Reminds me I was once told that the horse that pulled my grandmother's and her sister's wagon when they were in their teens and twenties could do that. I thought that was cool until she mentioned it was handy on dates to be able to give the horse the reigns. That was TMI.

      • You hear that about horse drawn milk and bread delivery carts all the time. The horse gets used to the route and where the stops are, and the delivery person can just concentrate on unloading the goods, even to the point of grabbing a crate and leaving milk on the doorsteps of the apartments in a building, and catching up with the horse and wagon at the other end of the building.
  • by MBGMorden (803437) on Friday October 04, 2013 @02:10PM (#45038385)

    I'd love to see it within 10, but I think 20 is more realistic.

    I remember just before I got my license (~17 years ago) I thought driving was the most awesome thing I could imagine. Now it's a mindless chore that I accept as necessary but I certainly don't like doing it. My daily commute to work is only 5 minutes so that's fine, but fairly often I take trips that consist of 4 to 12 hours of driving. I can think of nothing more amazing than just being able to put that address into my car and then chill out on my laptop for the duration.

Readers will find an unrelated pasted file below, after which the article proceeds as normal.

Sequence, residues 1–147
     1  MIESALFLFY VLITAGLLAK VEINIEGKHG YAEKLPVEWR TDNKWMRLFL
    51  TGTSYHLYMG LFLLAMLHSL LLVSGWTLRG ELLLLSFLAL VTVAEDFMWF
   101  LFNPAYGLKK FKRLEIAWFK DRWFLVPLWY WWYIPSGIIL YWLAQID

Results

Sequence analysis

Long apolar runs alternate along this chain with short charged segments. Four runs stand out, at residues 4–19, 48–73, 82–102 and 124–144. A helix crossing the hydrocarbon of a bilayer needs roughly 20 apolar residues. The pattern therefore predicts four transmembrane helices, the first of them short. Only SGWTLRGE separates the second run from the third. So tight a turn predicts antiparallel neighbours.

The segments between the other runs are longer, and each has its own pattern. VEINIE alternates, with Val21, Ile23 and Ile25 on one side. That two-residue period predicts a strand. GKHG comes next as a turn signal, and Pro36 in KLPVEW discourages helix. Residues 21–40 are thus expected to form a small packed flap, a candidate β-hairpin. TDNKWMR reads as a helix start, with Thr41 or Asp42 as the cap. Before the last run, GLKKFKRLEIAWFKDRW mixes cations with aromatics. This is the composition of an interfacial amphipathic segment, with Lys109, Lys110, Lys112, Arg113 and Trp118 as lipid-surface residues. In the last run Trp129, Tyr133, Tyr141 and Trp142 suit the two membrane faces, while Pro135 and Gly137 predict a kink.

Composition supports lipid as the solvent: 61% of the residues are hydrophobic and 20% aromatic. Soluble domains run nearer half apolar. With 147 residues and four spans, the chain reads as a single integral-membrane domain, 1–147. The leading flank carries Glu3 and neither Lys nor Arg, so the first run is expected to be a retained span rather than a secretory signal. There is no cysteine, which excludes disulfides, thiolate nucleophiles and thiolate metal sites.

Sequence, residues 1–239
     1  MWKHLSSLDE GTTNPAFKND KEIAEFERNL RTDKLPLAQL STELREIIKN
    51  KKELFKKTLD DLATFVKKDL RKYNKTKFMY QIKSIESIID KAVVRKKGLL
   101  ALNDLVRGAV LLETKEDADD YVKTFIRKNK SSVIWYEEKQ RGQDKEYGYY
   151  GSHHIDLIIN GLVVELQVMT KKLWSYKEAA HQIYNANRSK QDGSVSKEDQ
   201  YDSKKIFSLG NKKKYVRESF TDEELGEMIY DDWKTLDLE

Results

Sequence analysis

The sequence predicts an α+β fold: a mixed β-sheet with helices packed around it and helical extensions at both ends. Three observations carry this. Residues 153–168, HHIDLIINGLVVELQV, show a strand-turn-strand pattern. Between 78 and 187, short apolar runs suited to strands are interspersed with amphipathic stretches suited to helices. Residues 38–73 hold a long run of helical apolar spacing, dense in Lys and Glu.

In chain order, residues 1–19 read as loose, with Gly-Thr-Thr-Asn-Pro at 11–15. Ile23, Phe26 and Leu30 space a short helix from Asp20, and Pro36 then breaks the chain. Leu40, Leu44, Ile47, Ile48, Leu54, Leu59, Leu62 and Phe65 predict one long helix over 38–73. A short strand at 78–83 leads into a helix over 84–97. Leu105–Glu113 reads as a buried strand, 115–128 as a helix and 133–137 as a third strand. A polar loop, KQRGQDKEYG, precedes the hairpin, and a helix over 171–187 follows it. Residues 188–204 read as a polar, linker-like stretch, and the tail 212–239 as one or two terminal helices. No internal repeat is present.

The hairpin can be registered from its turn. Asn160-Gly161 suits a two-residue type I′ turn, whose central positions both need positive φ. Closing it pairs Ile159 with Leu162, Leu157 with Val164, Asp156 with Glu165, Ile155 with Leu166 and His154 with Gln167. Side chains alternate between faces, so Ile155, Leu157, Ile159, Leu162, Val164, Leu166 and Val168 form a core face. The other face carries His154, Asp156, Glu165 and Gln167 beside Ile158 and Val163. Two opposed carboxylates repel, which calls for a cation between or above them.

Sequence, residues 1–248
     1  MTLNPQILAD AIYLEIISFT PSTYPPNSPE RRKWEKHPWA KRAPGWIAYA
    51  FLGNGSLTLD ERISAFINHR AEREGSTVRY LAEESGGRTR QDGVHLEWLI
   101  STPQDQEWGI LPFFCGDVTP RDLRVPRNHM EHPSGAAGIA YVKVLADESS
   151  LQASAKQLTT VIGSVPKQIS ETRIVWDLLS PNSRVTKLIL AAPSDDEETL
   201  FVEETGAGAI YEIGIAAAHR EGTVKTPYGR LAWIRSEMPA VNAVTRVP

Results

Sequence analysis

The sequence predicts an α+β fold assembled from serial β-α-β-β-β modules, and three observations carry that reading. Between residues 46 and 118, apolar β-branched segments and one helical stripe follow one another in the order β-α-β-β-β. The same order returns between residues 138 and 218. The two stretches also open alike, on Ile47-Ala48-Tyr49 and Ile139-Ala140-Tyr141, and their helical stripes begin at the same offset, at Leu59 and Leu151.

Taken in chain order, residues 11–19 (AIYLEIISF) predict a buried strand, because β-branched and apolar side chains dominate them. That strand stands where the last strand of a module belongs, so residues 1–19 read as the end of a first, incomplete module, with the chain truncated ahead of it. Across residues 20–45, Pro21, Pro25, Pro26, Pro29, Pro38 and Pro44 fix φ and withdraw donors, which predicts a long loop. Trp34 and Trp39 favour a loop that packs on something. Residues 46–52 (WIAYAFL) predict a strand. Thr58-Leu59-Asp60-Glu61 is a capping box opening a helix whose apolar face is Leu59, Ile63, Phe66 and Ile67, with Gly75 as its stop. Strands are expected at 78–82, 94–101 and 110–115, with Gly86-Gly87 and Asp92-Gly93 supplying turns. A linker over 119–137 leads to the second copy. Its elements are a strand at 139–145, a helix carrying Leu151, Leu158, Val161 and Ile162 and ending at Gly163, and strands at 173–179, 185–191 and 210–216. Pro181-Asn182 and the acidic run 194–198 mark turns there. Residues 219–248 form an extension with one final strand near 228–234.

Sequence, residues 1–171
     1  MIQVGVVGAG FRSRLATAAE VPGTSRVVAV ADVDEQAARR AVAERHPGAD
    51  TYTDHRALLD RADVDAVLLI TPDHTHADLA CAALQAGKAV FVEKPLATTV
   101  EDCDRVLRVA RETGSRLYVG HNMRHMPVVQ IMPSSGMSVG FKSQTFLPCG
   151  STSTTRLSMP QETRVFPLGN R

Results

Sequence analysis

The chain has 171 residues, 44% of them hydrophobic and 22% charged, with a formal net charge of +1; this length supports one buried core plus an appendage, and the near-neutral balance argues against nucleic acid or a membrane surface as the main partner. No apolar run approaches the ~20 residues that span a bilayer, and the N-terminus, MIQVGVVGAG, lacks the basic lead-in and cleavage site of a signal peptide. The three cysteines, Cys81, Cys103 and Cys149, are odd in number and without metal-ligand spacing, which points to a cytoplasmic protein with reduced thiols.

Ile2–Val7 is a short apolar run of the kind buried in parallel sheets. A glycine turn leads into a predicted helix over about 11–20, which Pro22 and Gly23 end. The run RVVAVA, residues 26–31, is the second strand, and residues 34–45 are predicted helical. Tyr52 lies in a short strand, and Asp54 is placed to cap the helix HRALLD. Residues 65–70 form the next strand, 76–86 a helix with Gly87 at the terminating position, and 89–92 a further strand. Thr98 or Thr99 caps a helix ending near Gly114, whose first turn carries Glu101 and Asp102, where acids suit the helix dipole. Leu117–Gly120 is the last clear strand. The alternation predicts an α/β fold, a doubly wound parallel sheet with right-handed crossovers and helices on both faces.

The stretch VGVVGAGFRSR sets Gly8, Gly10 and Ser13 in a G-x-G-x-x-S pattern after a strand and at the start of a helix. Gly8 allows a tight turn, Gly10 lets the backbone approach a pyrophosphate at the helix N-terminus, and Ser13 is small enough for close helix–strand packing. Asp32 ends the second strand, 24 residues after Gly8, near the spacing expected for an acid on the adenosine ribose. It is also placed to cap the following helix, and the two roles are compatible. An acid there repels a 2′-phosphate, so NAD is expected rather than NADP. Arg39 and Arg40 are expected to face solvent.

I also this could also do a LOT to reduce drunk driving. When you can just climb into the car and tell it to take you home we'll have a lot less accidents due to intoxication.

    • by Bigbutt (65939)

      I remember driving as looking like great fun when I was a kid. As I grew up, I found I liked to drive. I had a 74 Chevy Nova which was great fun, an 84 Pontiac Fiero, which was great fun, and a 300ZX which was also great fun. After the 300ZX, I got a Ranger pickup which was practical for doing stuff around the house, but also got a motorcycle, which was great fun. I'm on my second Ranger and my 6th motorcycle (Hayabusa) and am currently planning my trip for next year. Roughly 10,000 miles to Alaska and the

    • Actually, even 20 years seems overly optimistic. Some quick web searching [usatoday.com] indicates that the average age of a car in the US is 11 years. Assuming the total volume remains reasonably unchanged, that would mean that it would take around a decade* to reach 50% even if all cars sold from today were self-driving.

      If we assume it takes another 10 years for fully autonomous cars to be commercially available (an legal), it is still unlikely that zero "ordinary" cars would be sold from then on. So I don't really see

      • I wouldn't be surprised if most state laws currently do not prohibit automated cars. The law would have to be changed to prohibit them.
  • by K. S. Kyosuke (729550) on Friday October 04, 2013 @02:12PM (#45038405)

    You'll have to pry the steering wheel out of my cold, dead hands

    Why would I do that when I can have the car accident investigators and the medical examiner do that for you?